Scottish Forestry's work across rural and urban areas means it also contributes to many other outcomes. For example, its ground-breaking work on forest kindergartens is part of the Scottish Government's overall approach to improving educational standards. The award-winning Branching Out programme helps people recover from long-term mental health problems. Through forestry and health initiatives and over £1 million of forestry grants, Scottish Forestry also supports the development and management of public access in woodlands close to communities.

Forestry and Land Scotland (FLS)

Primary National Outcome: Environment

Secondary National Outcomes: Economy, Health, Communities, Education, Fair Work and Business

Forestry and Land Scotland has developed five Corporate Outcomes that will guide all of the work over the next three years, each of which set out a position statement of where we want to be by 2022.

Outcome 1: Supporting a Sustainable Rural Economy

Outcome 2: Looking after Scotland's national forests and land

Outcome 3: National forests and land for visitors and communities

Outcome 4: A Supportive, Safe and Inclusive Organisation

Outcome 5: A High Performing Organisation

All of the outcomes are reliant on each other and all support the delivery of FLS vision and mission, and ultimately the Scottish Government's outcomes and purpose.

FLS will help deliver across all 11 National Outcomes but through our five Corporate Outcomes we will make a particular contribution to the following National Outcomes:

  • Economy via Outcomes 1 and 2
  • Environment via Outcomes 1 and 2
  • Health via Outcomes 2 and 3
  • Communities via Outcome 3
  • Education via Outcomes 3 and 4
  • Fair work and business via Outcomes 4 and 5

For more information on how these will be progressed and measured please refer to our Corporate Plan https://forestryandland.gov.scot/images/corporate/corporate-plan/FLS-Corporate-Plan-2019-2022-v2.pdf

FLS is Scotland's largest land manager with a unique position with regard to the Scottish Government's land reform commitments. FLS have a particular role in encouraging local communities to consider opportunities to own, lease or use land. The way that FLS manage Scotland's national forests and land helps to reduce Scotland's environmental footprint and mitigate the disruption caused by a changing climate. Scotland's national forests and land contributes over £1 million per day to the Scottish economy in terms of GVA and supports more than 10,255 full-time equivalent jobs.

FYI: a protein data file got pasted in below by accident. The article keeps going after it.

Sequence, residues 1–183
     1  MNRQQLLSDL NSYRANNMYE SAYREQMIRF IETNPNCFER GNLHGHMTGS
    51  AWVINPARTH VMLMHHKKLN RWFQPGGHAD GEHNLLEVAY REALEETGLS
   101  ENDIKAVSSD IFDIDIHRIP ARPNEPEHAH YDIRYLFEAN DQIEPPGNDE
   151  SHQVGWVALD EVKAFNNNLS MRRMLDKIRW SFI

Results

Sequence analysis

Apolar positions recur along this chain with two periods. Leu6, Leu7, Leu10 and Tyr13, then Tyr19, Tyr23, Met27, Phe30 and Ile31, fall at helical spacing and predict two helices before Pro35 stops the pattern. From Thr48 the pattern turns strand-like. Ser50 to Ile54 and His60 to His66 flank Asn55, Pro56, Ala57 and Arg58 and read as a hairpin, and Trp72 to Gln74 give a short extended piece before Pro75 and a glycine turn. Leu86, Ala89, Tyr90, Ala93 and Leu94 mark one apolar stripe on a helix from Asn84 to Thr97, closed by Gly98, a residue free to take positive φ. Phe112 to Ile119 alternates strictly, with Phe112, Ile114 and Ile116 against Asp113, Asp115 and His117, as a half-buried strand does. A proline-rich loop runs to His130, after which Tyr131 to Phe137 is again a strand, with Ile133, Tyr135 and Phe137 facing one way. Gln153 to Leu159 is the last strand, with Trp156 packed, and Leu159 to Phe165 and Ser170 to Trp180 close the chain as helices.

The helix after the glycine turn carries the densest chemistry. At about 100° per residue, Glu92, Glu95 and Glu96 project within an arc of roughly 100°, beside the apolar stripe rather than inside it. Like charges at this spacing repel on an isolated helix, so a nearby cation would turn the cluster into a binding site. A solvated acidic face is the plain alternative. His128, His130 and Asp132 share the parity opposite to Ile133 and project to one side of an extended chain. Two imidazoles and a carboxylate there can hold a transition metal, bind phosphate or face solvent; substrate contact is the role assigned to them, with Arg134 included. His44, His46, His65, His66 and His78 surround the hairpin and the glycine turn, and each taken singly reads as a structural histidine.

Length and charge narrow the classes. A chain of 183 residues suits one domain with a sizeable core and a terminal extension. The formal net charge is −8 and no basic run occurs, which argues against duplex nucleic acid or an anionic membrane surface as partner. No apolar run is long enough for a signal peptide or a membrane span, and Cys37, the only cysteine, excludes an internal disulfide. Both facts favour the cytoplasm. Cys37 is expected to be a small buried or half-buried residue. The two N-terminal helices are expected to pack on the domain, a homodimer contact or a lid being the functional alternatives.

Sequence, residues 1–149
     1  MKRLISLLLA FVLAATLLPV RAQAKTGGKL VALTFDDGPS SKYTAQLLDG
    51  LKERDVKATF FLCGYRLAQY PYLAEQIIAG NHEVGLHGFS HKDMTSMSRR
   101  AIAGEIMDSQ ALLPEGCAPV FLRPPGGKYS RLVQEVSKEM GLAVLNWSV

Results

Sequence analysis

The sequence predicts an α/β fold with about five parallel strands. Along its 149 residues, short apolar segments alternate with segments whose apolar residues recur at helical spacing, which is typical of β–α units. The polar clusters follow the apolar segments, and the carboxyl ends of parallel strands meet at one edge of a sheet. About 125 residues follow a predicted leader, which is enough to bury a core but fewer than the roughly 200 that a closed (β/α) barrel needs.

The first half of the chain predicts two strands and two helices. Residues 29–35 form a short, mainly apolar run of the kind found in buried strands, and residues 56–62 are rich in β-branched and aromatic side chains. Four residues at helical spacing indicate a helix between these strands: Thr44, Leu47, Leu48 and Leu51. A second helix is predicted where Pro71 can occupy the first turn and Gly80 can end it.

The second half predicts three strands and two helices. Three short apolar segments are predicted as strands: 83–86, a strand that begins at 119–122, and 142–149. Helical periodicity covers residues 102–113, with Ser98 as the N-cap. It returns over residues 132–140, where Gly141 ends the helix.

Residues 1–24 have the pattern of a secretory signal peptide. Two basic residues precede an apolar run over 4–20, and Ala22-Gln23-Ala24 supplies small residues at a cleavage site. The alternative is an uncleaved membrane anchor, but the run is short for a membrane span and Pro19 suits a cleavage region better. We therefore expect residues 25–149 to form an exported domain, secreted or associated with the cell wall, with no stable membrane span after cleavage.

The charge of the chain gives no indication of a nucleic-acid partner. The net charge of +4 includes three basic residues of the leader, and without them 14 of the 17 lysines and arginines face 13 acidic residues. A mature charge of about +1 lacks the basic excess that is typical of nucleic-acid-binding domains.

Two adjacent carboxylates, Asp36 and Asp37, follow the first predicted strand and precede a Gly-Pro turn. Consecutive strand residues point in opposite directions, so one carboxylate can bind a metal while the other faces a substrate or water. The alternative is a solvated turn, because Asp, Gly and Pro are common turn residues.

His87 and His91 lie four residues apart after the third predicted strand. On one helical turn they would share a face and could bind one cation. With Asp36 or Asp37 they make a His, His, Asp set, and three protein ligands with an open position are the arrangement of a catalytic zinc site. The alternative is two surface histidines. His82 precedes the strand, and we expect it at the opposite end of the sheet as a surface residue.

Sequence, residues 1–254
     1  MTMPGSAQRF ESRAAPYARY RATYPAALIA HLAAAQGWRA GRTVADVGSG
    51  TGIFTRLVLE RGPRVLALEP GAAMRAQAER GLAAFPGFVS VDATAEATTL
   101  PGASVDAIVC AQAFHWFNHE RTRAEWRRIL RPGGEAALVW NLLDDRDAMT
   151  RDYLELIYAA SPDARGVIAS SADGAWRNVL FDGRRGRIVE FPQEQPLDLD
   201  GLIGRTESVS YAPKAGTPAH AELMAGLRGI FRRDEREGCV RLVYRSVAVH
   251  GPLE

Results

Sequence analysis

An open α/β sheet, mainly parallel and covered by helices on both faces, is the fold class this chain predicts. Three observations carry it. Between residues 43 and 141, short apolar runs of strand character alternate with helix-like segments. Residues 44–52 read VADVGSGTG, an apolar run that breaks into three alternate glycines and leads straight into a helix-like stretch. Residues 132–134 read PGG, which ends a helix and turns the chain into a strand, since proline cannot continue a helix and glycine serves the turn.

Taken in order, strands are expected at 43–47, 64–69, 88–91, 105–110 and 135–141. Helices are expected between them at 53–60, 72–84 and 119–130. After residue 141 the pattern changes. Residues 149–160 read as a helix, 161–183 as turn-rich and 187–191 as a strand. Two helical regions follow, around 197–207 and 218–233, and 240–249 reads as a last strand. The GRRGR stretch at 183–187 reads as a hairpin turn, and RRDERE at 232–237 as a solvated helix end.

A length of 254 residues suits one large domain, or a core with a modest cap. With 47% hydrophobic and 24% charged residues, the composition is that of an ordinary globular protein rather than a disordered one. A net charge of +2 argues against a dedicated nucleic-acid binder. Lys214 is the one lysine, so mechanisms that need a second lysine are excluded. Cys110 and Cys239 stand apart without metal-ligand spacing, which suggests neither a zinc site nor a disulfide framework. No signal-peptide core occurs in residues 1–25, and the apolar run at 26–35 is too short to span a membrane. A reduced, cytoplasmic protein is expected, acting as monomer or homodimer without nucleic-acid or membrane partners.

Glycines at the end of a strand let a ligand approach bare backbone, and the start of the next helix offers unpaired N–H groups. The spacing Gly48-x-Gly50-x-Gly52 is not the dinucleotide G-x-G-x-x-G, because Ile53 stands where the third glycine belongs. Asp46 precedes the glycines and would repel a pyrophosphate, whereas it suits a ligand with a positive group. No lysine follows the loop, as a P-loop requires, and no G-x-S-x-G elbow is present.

Rural Economy Enterprise

Primary National Outcome: Economy

Secondary National Outcomes: Fair Work and Business, International, Communities

HIE and SoSE are the Scottish Government's enterprise agencies supporting economic development in rural, island and coastal communities. The work of the agencies will contribute to economic development in their respective places and ensure that the Highlands and Islands and South of Scotland are highly successful, inclusive and prosperous regions in which increasing numbers of people choose to live, work, study and invest.

The Highlands and Islands Enterprise (HIE) budget works to accelerate business growth, strengthen communities, support growth sectors and develop Scotland's Highlands and Islands as a good place to do business, to stay in, to invest in, and to make a life, which supports the communities National Outcome.

South of Scotland Enterprise (SoSE) will drive sustainable and inclusive growth across the south of Scotland, harness the potential of its people and resources and sustain and grow its communities. With its remit of furthering the economic and social development and improving the amenity and environment of the south of Scotland, it will make a real difference to the quality of life of people in the south of Scotland.

A key focus for HIE and SoSE will be to inform and deliver the collaborative actions agreed by the Enterprise and Skills Strategic Board and to be responsive to emerging themes and priorities of the Board.


Contact

Email: BudgetandSustainabilitySupport@gov.scot